His recruiting stock reflected just that. 247Sports Composite ranked Kallenbeger as Iowa’s second best 2017 prospect, slightly ahead of the heralded Wirfs. Only A.J. Epenesa was rated higher.
Unlike Wirfs, though, Kallenberger needed an immediate Chris Doyle makeover. His recruiting profile reads 250 pounds, not quite enough to cut it along a Big Ten offensive line. So, like many of Iowa’s up-front signees, Kallenberger dove headfirst into the Hawkeye way.
Iowa’s developmental prowess is well established at this point. Follow the guidance and the weight will come. It did: more than 25 pounds of productive gain.
Had the new redshirt rules been implemented last season (freshmen can now appear in up to four games without burning a year of eligibility), Kallenberger likely would’ve seen some 2017 action.
Still the readiness never wavered, even from the sidelines. Whenever it may be, Kallenberger knew a shot like Saturday’s was imminent.
“Every conversion we’ve had, even last year when he was redshirting, we talked about preparation,” Jay said. Even last year, ‘Prepare yourself as though you are the starter.’ I do get a sense now when I talk to him, ‘Yeah I am prepared, dad. I am listening. I understand what’s ahead of me and I accept the challenge.’”
'You’re the guy we’re going to be counting on'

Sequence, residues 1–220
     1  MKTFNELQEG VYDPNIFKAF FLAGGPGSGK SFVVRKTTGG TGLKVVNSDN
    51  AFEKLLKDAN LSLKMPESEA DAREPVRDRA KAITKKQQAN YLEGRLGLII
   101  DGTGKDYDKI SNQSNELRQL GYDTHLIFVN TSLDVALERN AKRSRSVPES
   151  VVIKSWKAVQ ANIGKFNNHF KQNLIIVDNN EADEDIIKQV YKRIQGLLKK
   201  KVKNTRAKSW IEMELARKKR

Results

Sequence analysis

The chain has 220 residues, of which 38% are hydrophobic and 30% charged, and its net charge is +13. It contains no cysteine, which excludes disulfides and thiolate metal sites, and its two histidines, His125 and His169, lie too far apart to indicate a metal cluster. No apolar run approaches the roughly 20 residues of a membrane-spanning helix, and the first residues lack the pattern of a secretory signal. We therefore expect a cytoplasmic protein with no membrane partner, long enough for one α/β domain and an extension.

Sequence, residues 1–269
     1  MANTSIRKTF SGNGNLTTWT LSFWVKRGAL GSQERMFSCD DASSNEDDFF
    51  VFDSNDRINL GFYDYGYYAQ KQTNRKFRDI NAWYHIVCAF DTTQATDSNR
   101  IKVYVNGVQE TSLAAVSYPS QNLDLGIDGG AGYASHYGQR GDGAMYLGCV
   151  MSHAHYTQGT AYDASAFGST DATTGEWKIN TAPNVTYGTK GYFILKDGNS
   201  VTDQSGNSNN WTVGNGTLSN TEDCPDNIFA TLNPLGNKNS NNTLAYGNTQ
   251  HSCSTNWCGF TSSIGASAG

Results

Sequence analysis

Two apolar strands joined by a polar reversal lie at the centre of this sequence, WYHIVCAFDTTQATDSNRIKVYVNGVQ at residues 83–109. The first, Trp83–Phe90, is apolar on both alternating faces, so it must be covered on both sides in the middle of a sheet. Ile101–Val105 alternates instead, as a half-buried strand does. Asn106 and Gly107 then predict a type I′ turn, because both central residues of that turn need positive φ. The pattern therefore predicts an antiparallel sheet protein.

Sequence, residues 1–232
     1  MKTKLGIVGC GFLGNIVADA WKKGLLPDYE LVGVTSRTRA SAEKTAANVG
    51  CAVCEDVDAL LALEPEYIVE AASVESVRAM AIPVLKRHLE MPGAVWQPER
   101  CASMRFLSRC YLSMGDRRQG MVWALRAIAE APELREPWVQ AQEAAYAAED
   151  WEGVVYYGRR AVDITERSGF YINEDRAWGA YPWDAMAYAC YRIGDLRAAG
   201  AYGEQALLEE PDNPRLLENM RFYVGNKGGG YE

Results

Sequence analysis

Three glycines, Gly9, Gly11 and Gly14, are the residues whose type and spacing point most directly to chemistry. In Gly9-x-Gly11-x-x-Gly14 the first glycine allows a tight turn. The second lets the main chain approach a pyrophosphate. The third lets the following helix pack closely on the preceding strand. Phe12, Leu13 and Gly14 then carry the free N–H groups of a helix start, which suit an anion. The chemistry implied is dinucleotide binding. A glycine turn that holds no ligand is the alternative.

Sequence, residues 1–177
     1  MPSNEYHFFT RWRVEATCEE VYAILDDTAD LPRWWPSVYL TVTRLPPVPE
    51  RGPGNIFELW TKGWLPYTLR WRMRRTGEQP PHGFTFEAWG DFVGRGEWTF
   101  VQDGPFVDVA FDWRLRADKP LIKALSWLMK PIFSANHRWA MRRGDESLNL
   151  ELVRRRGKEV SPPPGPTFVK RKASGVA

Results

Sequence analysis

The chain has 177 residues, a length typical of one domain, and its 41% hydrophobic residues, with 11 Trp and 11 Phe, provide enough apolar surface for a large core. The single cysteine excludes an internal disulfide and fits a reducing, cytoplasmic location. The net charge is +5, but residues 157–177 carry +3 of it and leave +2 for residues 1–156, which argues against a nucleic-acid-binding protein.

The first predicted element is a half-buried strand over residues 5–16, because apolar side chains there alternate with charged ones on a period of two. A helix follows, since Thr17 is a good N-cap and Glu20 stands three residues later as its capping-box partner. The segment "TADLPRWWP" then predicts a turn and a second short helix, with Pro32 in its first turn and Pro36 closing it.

Although announced on Aug. 8, Jackson’s suspension dated back to a team rules violation from the spring — so Kallenberger figured his Week 1 role might be amplified as a possible depth option. Then came Wirfs’ OWI arrest, just a few days prior to camp opening.
There was no doubt now. Kallenberger was plunging into the fire.
You could tell things were still spinning at Iowa’s Aug. 10 media day. The redshirt freshman admitted he hadn’t “wrapped my head around it” and “just needed to settle down” as far as absorbing the sudden change. But those who have observed Kallenberger’s recent progress notice an uptick in comfortability.
“I think his confidence has improved a lot,” redshirt senior center Keegan Render said. “Obviously I meet with Mark outside of football too, and (the message has been) just, ‘You’re the guy we’re going to be counting on.’ It was just something he had to get adjusted to, and I think Mark did that throughout camp. Him just taking the plays that might not have been perfect one time and correcting those issues really enforced that Mark’s going to be OK to play.”
Rebounding from sudden change is pivotal at any position, but offensive tackle especially. You’re on an island outside. Every error is magnified, especially when a defensive end comes barging through for a sack or quarterback hurry.